1943–1945 (Soviet Union)
Along with the Polish People's Army (Ludowe Wojsko Polskie) in the USSR, the Ludowe Lotnictwo Polskie – Polish People's Air Force – was created, in defence of the Soviet Union against Nazi invasion. In late 1943, the 1st Fighter Regiment "Warszawa", (equipped with Yak-1 and Yak-9 aircraft), the 2nd Night Bomber Regiment "Kraków" (flying Polikarpov Po-2 aircraft – produced in Poland as the CSS-13 from 1949 onwards), and the 3rd Assault Regiment (flying Ilyushin Il-2 aircraft) were formed. During 1944–5, further regiments were created, coming together to form the 1st Mixed Air Corps, consisting of a bomber division, an assault division, a fighter division and a mixed division. After the war, these returned to Poland and gave birth to the air force of the People's Republic of Poland.
In 1949, the Li-2sb transport aircraft was adapted into a bomber and in 1950, Poland received Petlyakov Pe-2 and Tupolev Tu-2 bombers from the Soviet Union along with USB-1 and USB-2 training bombers. In 1950 also, the Yak-17 fighter came into service, as did the Ilyushin Il-12 transport and the Yak-18 trainer. From 1951 onwards, the Polish Air Force was equipped with Yak-23 jet fighters and MiG-15 jets, along with a training version, the MiG-15 UTI, and later, in 1961, the MiG-17.
As well as Soviet-produced aircraft, from 1952 onwards Soviet MiG-15 and later MiG-17 fighters were produced under licence in Poland as the Lim-1, Lim-2 and later the Lim-5. A domestic ground attack variant of the Lim-5M was developed as the Lim-6bis in 1964. The only jet bomber used by the Polish Air Force during this period was the Ilyushin Il-28, from 1952 onwards. Poland used only a small number of MiG-19s from 1959, in favour of the MiG-21 from 1963 onwards, which became its main supersonic fighter. This aircraft was used in numerous variants from MiG-21F-13, through MiG-21PF and MF to MiG-21bis. Later, the Polish Air Force received 37 MiG-23s (1979) and 12 MiG-29s (1989).
The main fighter-bomber and ground attack aircraft after 1949 was the Il-10 (a training version, the UIl-10, entering service in 1951). From 1965 onwards, Poland also used a substantial number of Su-7Bs for bombing and ground attack, replaced with 27 Sukhoi Su-20s in 1974 and 110 Sukhoi Su-22s in 1984.
Propeller-driven training aircraft, the Junak-2 (in service since 1952), the TS-9 Junak-3 (in service since 1954) and the PZL TS-8 Bies (since 1958) were later replaced by a jet trainer, the domestically built TS-11 Iskra. Another Polish jet trainer, the PZL I-22 Iryda, was used for some time but, because of continuing problems, all machines were returned to PZL for modification and did not resume service. The Yak-12 was used as a multirole aircraft from 1951, the An-2 from 1955 and subsequently the Wilga-35 P.
Transport aircraft used by the Polish Air Force during this period included: the Il-14 (first in service in 1955), the Il-18 (first in service in 1961), the An-12B (first in service in 1966), the An-26 (first in service in 1972), the Yak-40 (first in service in 1973) and the Tupolev Tu-154. A number of helicopters were used by the Polish Army: the SM-1 (a Mil Mi-1 manufactured under licence), which was a multirole helicopter, in operation since 1956; the Mil Mi-4, multirole, since 1958; the PLZ SM-2, multirole, since 1960; the Mil Mi-2 and Mil Mi-8 (later also Mil Mi-17), multirole, since 1968 and the Mil Mi-24, a combat helicopter, since 1976. Also the Mil Mi-14, an amphibious helicopter, and the Mil Mi-6, both used as transports.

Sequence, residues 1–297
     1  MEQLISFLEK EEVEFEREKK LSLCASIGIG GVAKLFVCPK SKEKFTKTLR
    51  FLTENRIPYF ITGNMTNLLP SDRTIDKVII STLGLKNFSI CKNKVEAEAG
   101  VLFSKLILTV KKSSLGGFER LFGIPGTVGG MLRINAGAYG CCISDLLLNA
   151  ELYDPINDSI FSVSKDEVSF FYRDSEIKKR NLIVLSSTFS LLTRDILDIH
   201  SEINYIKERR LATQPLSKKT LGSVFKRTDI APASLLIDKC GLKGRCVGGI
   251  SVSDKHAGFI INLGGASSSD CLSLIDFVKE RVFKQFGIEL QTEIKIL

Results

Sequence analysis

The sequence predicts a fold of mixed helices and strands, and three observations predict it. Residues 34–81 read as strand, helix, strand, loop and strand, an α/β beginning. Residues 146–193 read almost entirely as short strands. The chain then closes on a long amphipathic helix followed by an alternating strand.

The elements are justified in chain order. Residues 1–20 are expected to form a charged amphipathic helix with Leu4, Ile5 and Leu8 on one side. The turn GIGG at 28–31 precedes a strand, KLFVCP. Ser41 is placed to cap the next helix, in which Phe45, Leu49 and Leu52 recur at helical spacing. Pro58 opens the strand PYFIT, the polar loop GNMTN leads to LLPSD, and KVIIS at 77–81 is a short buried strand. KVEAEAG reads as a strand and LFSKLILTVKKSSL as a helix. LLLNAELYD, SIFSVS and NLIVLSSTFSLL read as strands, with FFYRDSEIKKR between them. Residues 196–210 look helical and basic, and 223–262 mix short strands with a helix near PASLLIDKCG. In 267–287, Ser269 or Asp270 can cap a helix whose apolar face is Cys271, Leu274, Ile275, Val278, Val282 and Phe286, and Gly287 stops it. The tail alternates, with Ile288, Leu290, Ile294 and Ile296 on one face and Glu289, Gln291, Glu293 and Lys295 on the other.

In 1954, the Polish Air Force was merged with the Air Defence Force, creating the Air and Country Air Defence Forces (Wojska Lotnicze i Obrony Przeciwlotniczej Obszaru Kraju – WLiOPL OK), a military organisation composed of both flying and anti-aircraft units. In 1962, the WLiOPL OK were separated back again into their two original component bodies: the Air Force (Wojska Lotnicze) and the Country Air Defence Force (Wojska Obrony Powietrznej Kraju).
After political upheaval and the collapse of the Soviet Union in 1991, and a consequent reduction in the state of military anxiety in the whole of Europe, the Polish Air Force saw reductions in size. On July 1, 1990, the Polish Air Force and the Air Defence Force were merged again (Wojska Lotnicze i Obrony Powietrznej – WLiOP or WLOP). The attack capability of this force consisted primarily of MiG-21s, MiG-23s, MiG-29s, Su-20s and Su-22s. The remaining Lim-6bis were withdrawn in the early 1990s, followed soon afterwards by the withdrawal of the remaining Su-20 aircraft. The small number of remaining MiG-23s were withdrawn by 1999. Throughout the 1990s, Poland had not purchased any new combat aircraft and only managed to acquire further MiG-29s from the Czech Republic in 1995 and from Germany in 2004. MiG-21s were finally withdrawn from service in 2003. In 2004, the only remaining combat aircraft flown by the WLiOP were the MiG-29 and the Su-22. As of 2010, the fleet of Su-22s is in need of modernization to retain any value as a combat aircraft and its future is unclear